A multi-day severe weather outbreak with tornadoes, destructive winds, large hail and flash flooding is underway across parts of the South, and the dangerous storms will continue to slowly march eastward through midweek.
NOAA's Storm Prediction Center has issued the following severe weather watches:
- A Tornado Watch is valid until 2 p.m. Central time from western to northeastern Louisiana, Alexandria and Lake Charles.
- A Tornado Watch is valid until 7 p.m. Central time for portions of eastern and southern Louisiana and central and southern Mississippi, including New Orleans and Baton Rouge in Louisiana and Jackson and Hattiesburg in Mississippi.
The SPC says several tornadoes are likely in these areas, including a couple of strong tornadoes, in addition to widespread damaging winds and isolated large hail.
NOAA's Storm Prediction Center has issued Tornado Watches in the South.(FOX Weather)
The SPC received 20 initial reports of tornadoes on Monday and Monday night, most of which were in Texas, but the number of confirmed tornadoes won't be known until National Weather Service meteorologists are able to assess the damage in the days ahead.
A 73-year-old woman of Sherwood Shores in Grayson County, Texas, died in Monday's severe storms, according to Grayson County Emergency Management Director Sarah Somers. Ten others in the county were injured and treated at local hospitals.
FOX Weather can confirm at least 16 others were also injured in Texas during this severe weather outbreak. Three were seriously injured between Cooper and Crockett after an apparent tornado ripped through the area, four suffered minor injuries near Ore City from a possible tornado, and another nine people were injured in Jacksboro.
Here's what to expect through Wednesday. Be sure to download the FOX Weather app for the latest forecast and weather alerts for your exact location, plus our channel's 24/7 livestream.
The severe weather outbreak will continue Tuesday across the lower Mississippi Valley and the central Gulf Coast, with some threat continuing into Tuesday night.
The highest threat of severe thunderstorms will stretch from Louisiana into Mississippi, Alabama and the western Florida Panhandle. This includes the cities of New Orleans and Baton Rouge in Louisiana, Jackson and Hattiesburg in Mississippi, Tuscaloosa in Alabama and Pensacola in Florida.
Several tornadoes, widespread destructive wind gusts and large hail are all likely. Some of the tornadoes have the potential to be EF-2 or stronger, particularly in the pink-shaded area on the map below from southwestern to eastern Louisiana, central and southern Mississippi and far western Alabama.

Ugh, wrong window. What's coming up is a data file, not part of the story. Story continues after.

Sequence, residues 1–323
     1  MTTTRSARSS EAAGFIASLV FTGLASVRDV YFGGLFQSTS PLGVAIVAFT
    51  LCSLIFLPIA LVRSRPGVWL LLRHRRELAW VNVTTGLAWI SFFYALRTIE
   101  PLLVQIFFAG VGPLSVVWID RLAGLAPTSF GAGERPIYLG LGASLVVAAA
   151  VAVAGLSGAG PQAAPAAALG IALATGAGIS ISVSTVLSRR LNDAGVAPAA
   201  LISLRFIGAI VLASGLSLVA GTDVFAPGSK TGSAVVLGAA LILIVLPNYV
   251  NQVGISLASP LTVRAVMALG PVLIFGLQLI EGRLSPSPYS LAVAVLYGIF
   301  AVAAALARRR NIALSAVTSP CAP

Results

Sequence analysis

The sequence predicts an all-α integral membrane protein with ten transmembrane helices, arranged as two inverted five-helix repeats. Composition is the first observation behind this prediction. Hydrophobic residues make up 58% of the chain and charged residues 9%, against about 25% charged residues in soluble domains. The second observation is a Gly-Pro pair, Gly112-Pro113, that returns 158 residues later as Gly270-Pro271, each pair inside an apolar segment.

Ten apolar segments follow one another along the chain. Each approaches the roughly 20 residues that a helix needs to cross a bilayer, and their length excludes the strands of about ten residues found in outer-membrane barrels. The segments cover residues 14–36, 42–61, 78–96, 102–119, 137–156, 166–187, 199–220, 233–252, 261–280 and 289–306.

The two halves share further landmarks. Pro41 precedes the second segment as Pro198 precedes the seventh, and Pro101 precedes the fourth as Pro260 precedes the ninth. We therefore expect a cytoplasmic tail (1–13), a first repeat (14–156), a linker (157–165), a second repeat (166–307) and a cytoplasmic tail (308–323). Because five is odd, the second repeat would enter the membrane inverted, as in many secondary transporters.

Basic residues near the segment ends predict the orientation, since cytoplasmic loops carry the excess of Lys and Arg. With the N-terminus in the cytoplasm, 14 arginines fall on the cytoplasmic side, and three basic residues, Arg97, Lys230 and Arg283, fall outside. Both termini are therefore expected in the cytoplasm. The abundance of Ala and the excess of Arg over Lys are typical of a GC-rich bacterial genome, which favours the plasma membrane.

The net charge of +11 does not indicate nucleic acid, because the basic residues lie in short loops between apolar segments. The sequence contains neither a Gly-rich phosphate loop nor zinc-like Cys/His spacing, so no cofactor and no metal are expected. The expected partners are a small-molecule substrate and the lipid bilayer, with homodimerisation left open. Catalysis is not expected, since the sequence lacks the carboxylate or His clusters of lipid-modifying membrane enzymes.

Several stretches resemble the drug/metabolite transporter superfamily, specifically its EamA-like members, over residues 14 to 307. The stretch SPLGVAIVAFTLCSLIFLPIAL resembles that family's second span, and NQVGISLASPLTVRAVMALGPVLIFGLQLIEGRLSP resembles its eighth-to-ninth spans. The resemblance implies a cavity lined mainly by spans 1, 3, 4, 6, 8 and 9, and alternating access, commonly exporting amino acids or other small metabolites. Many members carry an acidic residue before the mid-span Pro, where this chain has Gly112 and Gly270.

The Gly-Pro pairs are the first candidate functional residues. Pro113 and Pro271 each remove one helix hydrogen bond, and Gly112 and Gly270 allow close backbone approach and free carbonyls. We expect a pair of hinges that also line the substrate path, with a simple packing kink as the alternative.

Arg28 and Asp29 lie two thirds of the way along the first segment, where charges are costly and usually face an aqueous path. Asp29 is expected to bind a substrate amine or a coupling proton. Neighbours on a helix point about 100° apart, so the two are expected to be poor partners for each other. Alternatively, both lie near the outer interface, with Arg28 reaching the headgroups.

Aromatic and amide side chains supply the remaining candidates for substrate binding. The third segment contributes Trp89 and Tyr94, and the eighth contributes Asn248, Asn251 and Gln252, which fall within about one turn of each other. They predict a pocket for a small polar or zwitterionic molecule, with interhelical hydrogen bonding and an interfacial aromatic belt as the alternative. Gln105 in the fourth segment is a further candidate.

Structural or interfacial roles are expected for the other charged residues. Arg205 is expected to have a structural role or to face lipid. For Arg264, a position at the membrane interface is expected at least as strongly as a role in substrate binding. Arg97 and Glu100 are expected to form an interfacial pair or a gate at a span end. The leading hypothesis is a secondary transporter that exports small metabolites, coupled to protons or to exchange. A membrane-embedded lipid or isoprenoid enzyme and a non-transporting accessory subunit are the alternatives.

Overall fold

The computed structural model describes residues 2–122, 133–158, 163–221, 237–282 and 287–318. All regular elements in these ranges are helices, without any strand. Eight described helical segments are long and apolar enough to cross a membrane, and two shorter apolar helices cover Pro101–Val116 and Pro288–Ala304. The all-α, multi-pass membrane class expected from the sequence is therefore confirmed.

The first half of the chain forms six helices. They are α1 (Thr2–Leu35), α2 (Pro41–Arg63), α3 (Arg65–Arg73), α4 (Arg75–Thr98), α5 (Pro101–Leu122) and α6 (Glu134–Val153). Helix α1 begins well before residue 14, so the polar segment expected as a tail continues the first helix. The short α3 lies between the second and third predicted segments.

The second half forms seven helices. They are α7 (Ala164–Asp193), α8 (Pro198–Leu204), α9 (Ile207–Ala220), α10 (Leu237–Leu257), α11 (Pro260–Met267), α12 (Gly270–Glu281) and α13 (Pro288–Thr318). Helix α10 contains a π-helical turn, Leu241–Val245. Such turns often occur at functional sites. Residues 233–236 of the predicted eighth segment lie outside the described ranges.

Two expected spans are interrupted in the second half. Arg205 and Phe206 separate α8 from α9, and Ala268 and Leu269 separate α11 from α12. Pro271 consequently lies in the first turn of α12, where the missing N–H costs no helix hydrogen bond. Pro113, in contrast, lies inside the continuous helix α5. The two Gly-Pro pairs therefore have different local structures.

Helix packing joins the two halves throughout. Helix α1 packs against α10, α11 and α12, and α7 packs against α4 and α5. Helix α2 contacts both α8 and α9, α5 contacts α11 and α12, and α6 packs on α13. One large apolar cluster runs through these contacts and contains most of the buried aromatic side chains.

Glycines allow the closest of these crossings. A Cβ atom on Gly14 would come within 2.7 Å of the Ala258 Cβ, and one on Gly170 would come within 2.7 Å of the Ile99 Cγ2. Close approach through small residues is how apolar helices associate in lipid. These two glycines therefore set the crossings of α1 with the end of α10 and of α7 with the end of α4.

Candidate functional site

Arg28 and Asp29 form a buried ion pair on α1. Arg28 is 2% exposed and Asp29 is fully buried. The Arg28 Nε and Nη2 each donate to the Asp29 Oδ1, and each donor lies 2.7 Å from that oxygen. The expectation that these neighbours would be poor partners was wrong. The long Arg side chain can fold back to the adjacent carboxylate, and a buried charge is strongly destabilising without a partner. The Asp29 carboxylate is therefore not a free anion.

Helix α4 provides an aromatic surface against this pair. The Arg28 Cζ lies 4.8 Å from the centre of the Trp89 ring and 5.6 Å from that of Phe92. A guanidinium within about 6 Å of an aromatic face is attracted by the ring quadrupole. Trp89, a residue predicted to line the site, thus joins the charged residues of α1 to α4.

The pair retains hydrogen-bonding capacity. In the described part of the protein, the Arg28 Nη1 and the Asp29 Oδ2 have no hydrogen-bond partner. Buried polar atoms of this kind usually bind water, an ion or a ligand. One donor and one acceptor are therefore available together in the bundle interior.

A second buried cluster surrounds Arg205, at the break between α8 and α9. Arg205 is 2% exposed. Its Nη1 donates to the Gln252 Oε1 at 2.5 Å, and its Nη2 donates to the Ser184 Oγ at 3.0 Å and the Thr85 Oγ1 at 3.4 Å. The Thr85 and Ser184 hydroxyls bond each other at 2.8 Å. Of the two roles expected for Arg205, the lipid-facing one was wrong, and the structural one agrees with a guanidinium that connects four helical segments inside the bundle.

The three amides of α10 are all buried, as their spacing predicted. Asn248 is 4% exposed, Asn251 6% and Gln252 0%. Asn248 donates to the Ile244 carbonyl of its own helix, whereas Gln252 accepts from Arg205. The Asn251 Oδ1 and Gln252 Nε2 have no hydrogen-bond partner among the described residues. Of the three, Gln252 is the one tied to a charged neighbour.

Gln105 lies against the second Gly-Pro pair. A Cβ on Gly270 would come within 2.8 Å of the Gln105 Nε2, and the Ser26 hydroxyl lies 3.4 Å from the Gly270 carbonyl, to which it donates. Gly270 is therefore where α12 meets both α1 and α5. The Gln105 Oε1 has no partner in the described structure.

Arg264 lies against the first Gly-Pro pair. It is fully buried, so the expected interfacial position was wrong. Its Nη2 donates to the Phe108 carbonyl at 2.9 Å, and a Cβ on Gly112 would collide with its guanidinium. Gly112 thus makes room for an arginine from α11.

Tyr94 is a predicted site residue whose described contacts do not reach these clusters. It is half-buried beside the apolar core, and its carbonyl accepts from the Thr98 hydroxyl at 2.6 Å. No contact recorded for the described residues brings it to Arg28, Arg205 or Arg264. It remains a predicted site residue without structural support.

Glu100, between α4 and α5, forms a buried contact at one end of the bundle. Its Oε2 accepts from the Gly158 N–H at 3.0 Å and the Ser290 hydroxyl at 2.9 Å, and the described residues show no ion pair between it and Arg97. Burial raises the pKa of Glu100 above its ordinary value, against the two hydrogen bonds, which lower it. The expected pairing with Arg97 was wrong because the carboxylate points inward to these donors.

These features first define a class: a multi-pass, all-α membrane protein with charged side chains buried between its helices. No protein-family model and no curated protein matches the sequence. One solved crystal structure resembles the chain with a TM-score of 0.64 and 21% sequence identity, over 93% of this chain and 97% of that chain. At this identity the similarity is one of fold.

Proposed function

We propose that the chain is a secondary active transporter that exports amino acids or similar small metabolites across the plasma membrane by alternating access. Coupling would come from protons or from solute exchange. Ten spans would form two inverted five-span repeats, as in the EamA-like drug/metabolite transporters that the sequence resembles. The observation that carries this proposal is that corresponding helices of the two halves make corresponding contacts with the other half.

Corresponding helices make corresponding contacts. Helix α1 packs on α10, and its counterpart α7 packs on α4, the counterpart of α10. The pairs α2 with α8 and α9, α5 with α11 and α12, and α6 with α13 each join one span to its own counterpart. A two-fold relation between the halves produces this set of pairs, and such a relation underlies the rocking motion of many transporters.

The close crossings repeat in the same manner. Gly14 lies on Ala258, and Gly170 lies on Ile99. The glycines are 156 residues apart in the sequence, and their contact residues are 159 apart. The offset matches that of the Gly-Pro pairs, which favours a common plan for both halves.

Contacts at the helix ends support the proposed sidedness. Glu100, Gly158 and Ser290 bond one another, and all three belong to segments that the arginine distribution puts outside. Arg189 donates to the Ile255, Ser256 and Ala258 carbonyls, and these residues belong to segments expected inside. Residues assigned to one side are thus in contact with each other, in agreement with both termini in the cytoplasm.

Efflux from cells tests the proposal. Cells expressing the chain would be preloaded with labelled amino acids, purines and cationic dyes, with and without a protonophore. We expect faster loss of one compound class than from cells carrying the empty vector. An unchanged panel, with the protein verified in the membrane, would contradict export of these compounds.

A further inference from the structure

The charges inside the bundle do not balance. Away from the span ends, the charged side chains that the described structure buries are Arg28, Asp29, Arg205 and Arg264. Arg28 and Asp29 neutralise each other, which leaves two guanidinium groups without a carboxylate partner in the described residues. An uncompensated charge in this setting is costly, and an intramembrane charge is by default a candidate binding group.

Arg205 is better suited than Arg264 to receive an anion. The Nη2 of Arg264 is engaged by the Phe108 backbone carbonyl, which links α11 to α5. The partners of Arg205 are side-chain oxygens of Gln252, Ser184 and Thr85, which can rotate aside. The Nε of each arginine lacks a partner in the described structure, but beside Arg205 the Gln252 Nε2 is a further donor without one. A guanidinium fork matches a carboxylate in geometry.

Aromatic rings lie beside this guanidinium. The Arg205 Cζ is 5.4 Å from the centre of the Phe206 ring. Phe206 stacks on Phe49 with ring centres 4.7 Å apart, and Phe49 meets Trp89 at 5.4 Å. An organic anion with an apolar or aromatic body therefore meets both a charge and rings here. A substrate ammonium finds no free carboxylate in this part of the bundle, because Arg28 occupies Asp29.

Heavy rainfall capable of flash flooding is also possible from the South into parts of the Ohio Valley.
Severe storm threat on Tuesday, March 22, 2022.(FOX Weather)
The risk of severe storms is expected to continue into Wednesday farther east across the Southeast, but the threat will be lower than Tuesday.
Areas from northern Florida into southeastern Alabama, Georgia and the Carolinas will have the highest risk of severe thunderstorms. This includes the cities of Tallahassee in Florida, Charleston and Columbia in South Carolina and Raleigh/Durham and Charlotte in North Carolina.
A few severe storms could also spread northward into the Ohio Valley.
A couple of tornadoes, damaging wind gusts and large hail are all possible with Wednesday's storms.
Additionally, a soaking rain will overspread a large portion of the Southeast and Northeast.
Severe storm threat on Wednesday, March 23, 2022. (FOX Weather)
Flash flooding threat
Many areas from the South to the Mississippi and Ohio valleys are expected to pick up more than an inch of rain through Wednesday, with locally higher totals between 2 and 5 inches not ruled out in some spots.
This heavy rainfall could trigger flash flooding, especially where any heavier bands of rain stall for a period of a few hours or more.
Rainfall forecast through Friday, March 25, 2022. (FOX Weather)
The National Weather Service has issued Flood Watches from East Texas to the lower Mississippi and Tennessee valleys to alert residents of this threat of heavy rain.
Now is the time to prepare for this week's severe weather and flash flooding threats if you live in the South. Click here for a list of tips to guide you through the preparations.
Flood Watches are in effect for portions of the South. (FOX Weather)